Last night was the last quarter of the moon, my wall calendar tells me.  I know things are hard.  My readership for the blog is small but consistent.  I have benefitted in terms of expanding its reach, from reading the daily Discover essays this month, and many days writing in response.

 

It interests me to read where the blog’s visitors say they are coming from.  In these days of social distancing, WordPress is among the best socializing I enjoy, as far as interacting with new people goes.

 

My present routine, to publish, discover, and comment, has helped me with the focus I have for writing in my blog, and for feeling better organized to be interested in it and to work at it.  While it is purely for interest’s sake, I am part of a small business that my father operates together with me.

 

We take care of a small cemetery, usually every week.  We are on Facebook:  https://www.facebook.com/LouthUnited

 

Although I have temporarily shelved my editorial calendar, owing to the emergency, you do have the option of visiting me on Facebook and following and commenting on this blog post.  I appreciate your time and I wish you well during this spot of bad luck.

WordPress Discover: Light

Ben Huberman again has the reins of the April 2020 WordPress Discover challenges. Today’s theme is light.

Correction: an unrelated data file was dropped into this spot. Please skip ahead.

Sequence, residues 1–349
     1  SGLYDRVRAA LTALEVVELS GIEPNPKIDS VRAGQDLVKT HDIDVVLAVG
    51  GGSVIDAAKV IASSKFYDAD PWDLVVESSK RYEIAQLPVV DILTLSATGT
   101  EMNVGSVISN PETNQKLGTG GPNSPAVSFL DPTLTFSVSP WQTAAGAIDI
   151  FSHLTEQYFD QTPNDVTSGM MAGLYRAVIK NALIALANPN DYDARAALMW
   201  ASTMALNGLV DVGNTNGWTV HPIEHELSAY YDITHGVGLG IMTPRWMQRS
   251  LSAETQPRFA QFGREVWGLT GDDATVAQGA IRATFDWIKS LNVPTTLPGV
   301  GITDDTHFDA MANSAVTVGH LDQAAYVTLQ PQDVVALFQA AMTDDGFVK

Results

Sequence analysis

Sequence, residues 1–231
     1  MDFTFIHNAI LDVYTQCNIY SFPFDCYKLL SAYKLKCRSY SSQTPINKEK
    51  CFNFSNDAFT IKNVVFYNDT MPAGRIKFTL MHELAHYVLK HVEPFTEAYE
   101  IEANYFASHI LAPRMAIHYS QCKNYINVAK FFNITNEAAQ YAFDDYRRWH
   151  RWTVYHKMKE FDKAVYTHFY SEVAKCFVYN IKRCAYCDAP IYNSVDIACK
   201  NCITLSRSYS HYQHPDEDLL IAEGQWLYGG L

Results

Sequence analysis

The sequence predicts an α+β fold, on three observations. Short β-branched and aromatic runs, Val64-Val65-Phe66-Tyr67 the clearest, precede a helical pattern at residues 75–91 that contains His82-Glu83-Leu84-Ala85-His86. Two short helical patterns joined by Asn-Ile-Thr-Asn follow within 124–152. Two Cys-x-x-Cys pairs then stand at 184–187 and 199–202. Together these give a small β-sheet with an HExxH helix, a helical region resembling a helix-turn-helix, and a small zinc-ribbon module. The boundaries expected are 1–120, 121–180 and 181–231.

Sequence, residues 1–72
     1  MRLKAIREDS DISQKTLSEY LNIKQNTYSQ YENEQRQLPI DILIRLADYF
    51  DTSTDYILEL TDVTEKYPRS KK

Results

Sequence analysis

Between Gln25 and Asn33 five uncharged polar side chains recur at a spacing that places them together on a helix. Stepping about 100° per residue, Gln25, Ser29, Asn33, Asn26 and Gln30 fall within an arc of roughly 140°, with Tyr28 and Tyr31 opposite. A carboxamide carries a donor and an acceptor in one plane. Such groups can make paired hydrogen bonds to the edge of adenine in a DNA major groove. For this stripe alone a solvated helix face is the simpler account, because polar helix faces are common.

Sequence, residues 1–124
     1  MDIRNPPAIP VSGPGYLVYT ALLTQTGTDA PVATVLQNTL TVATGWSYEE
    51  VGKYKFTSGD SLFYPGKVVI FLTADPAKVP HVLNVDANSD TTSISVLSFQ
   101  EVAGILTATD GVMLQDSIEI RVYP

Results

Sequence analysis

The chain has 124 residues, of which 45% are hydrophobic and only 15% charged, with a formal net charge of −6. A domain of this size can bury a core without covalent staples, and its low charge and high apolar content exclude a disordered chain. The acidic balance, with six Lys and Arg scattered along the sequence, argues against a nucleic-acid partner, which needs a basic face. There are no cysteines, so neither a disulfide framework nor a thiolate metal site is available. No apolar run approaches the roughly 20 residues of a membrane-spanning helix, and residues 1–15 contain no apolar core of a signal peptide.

I think of feeling light when I look at the effect upon myself by something as kind as a few words on the Internet, from a person I respect, as is the case with the blogger behind the Beauty Beyond Bones blog. Her blog is one I enjoy reading, perhaps paying her a compliment at times when it is more appropriate, to someone who is a talented writer and who gives back time. She is a proud Catholic blogger, as well, and, as today is Easter Sunday, I know this will be a challenging day, given the circumstances of the holiday this year.

Her blog is about her experience in life celebrating Jesus, and she sometimes recounts current events and her response to those, or sometimes how life continually gives back to her and what she, with her perspective and intent, makes of it. There are qualities in her that I admire, and some of the design elements of her blog appeal to me when I look at what she thinks to assemble. Her blog is here: